Lynn Viehl had an interesting post a few days ago about failing at things. In addition to writing about a hundred books a year, Lynn also quilts, and apparently a fiber art quilt* she tried recently was...not good. In her words, this how bad it got:

I now believe contemplating using glitter glue between the beadwork in another effort to disguise said hairiness is the art quilter's equivalent of hitting rock-bottom.
I'm sorry, but that sounds just...horrible.** Hairiness and beads AND glitter glue? And Lynn is actually a pretty accomplished quilter and photos of the quilt in progress are quite promising. By the end, though? We have a quilt disaster.

But the point is that she tried. She had an idea in her head about a project she wanted to do and she did it. It turned out badly. But she still did it.

I think that's one of the most important things to learn about any sort of creative work: quilting, writing, visual arts. You should do the stuff you want to do, even if you do it badly. Robert Browning put it this way:

Ah, but a man's reach should exceed his grasp, or what's a Heaven for?
In other words, if you can already write exactly what you want to write, or quilt exactly what you want to quilt, what are you aspiring to? What is pushing you forward?

A lot of people don't do this. They don't step out of their comfort zones and try something completely different and, as a result, their work gets stale and predictable.***, **** And I totally understand why they don't--it's tempting to keep doing the same thing over and over again, especially when that thing got you a lot of praise and recognition initially. The allure of a familiar cannot be overestimated.

Also, it's frustrating to try something new and have it not work out. There's nothing more depressing than seeing all of your brilliant ideas come crashing to earth in a pile of junk. God, that sucks. You have this perfect vision of what the story is going to be or sound like or make people feel, and then it ends up being a heap of cliches and coincidences and hack-kneed writing that you're embarrassed to show to your mom, let alone your critique group. It makes me wince just thinking about it.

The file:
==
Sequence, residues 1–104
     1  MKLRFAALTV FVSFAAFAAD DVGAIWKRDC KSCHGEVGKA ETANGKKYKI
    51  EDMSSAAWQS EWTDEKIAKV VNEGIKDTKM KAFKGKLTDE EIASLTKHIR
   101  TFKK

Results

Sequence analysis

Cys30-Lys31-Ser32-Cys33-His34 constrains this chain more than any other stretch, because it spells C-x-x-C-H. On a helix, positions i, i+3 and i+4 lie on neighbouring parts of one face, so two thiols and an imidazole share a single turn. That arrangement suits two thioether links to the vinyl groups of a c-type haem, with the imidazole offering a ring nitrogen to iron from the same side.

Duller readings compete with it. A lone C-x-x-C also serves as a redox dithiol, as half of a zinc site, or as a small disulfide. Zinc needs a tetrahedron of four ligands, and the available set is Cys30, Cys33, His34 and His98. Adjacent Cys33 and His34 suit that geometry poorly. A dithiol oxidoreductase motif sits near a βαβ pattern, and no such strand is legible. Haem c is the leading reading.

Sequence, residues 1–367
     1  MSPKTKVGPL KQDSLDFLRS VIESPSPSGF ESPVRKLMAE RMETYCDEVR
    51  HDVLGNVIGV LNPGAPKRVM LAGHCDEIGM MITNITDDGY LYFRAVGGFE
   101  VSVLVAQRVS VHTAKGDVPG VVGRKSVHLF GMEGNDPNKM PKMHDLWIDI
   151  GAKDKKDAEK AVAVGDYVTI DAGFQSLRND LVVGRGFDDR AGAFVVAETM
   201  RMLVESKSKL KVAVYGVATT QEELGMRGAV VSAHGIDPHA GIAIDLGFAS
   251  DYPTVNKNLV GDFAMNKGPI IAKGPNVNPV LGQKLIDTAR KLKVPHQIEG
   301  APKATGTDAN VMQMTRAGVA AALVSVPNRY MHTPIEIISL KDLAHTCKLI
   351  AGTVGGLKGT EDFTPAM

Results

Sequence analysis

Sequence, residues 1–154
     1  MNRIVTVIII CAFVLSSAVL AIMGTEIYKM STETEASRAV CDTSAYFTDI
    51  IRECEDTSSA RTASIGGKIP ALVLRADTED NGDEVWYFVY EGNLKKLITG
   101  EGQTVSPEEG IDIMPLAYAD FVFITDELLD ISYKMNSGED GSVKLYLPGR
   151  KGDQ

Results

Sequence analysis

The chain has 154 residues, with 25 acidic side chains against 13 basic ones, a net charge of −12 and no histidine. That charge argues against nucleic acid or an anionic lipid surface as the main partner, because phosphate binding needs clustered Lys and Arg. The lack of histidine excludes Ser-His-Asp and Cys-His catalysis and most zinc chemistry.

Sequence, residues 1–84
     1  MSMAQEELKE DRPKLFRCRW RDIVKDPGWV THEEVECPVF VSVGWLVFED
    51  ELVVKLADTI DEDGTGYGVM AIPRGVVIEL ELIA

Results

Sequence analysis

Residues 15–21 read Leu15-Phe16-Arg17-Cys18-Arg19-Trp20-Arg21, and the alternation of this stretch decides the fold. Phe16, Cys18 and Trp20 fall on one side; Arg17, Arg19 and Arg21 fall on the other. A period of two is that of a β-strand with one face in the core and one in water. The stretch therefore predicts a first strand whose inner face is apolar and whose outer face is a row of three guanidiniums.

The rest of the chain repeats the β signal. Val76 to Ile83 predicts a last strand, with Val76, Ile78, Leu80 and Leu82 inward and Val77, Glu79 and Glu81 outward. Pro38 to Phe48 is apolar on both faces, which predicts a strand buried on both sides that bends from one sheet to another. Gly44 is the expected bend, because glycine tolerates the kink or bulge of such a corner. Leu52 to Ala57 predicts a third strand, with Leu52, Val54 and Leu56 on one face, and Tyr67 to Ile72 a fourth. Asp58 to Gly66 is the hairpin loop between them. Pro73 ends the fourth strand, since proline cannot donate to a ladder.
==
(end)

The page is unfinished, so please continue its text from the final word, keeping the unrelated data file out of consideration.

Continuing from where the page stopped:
But it's important to do it.

I've got a project right now that it so outside what I normally do that I don't know if I can do it at all. If I can, it will be amazing, and I will be proud of myself for even finishing it. If it doesn't, it will be heartbreaking, and I'll be so discouraged that I might give up on that type of project forever (just like Lynn might give up on fiber art quilts). But I'm going to give it a shot. If it works out, great. If it doesn't, well, that's between me and my MacBook Pro.

~~~

* Fiber art quilts are the kind that are made up of bunch of different materials and are...well, arty. Who'm I kidding? I don't know anything about them, but the pictures on Google are quite interesting.

** And it is--here's the picture that Lynn posted. Wow. That is...not good.

*** Or worse, it devolves. Think of authors you used to enjoy whose new stuff feels like a rehash of everything they've done before.

**** Some people don't think this is a problem, of course. I once saw in interview with Def Leppard in which the interviewer asked them when they were going to stop making the same record over and over again. Their response: "when you stop buying it." I sort of loved Def Leppard for this response, but I wouldn't want to be asked that question in the first place.

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